Lost and Found

Thursday was the 19th anniversary of my mother’s death and I forgot all about it. I remembered it the day before and made a mental note to have a moment by myself the next day to think of her but then, suddenly, it was Saturday and I realized that it hadn’t been so much as a blip on my radar. When I first realized this, I felt awful, and I think that at first my mom would feel that way too. 

She worried a lot about losing me—to accidents, to kidnappers hiding in bushes, to my birth mother– and how could I be more lost from her than I am now, two years more without her than we ever were together? She wouldn’t even recognize me as I am here: wedding ring on my finger and three often-sticky pairs of hands holding my heart. 

But, I think eventually she would feel like I came to. I think she would be happy to see that I am not as broken now about her death as I was in my teens and twenties. 

While her fear of loss may have been a big part of her life, her love for me eclipsed it by far. While she would never choose to not be here, and she wouldn’t want to be forgotten, I know in my heart that she would want me to be happy. I know that she would rather have that day be forgotten in the everyday joy of my husband and children, then have me feel the loss as sharp and painful as it was those first years that she was gone.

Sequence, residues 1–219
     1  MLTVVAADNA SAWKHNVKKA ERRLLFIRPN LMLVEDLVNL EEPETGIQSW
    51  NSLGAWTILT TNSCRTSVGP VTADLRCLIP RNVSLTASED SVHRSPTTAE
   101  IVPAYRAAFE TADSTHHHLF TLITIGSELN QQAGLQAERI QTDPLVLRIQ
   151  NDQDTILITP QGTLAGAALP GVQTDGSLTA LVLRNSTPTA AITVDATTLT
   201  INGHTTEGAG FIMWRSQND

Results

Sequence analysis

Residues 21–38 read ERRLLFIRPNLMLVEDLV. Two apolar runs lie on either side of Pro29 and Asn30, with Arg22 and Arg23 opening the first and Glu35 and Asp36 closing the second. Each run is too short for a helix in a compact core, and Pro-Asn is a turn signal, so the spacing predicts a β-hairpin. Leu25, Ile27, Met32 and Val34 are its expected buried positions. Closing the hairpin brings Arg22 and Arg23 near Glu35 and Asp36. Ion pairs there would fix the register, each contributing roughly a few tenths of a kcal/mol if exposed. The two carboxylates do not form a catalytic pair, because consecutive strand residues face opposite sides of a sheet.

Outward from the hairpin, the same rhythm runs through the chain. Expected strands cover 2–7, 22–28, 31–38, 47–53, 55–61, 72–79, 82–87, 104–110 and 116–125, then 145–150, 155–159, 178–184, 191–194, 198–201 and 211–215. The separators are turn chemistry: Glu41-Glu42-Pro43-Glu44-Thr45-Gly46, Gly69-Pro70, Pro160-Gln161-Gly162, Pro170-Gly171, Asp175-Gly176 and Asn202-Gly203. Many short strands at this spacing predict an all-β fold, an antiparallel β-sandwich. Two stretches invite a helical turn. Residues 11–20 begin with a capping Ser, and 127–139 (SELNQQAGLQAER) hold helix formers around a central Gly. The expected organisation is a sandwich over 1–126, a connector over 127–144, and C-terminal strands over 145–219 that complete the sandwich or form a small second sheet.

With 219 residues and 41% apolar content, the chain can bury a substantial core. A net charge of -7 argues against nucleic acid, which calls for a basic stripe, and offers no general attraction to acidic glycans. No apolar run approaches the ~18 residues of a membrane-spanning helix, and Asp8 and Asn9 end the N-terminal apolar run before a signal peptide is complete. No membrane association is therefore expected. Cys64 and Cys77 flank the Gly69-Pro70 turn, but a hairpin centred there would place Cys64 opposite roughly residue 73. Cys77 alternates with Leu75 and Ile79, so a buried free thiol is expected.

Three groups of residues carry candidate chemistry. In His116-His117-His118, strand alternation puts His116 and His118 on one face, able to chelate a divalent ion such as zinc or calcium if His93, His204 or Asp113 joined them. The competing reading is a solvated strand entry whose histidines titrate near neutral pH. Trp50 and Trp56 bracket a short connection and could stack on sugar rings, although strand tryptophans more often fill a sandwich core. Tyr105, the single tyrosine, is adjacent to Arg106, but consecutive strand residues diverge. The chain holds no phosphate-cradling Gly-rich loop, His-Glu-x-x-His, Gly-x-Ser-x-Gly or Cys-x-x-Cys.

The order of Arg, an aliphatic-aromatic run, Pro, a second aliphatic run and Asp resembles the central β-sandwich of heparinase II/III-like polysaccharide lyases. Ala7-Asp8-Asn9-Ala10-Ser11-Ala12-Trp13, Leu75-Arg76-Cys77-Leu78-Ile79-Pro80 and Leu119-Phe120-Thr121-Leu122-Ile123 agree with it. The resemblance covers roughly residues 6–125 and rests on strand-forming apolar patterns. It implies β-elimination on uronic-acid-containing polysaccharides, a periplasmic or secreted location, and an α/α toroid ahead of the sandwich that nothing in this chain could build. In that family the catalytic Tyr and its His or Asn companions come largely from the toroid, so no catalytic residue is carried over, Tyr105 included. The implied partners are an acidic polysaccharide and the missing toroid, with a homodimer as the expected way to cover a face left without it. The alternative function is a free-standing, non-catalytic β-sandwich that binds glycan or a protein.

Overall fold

And, of course, she is not forgotten. I think about her all the time and we talk about her a lot. When I make a meal that she made for me when I was a kid the girls and I talk about what kind of mom she was and how life was when I was little. When the kids are making lists, which they do endlessly as if constantly cataloging their good fortune, the grandma list always includes Grandma Bev. And if you ask Emily she can tell you how my mom would have loved these three kids like crazy. 

And I know it’s true because that’s how she loved me and how I continue to love her every day of the year. 

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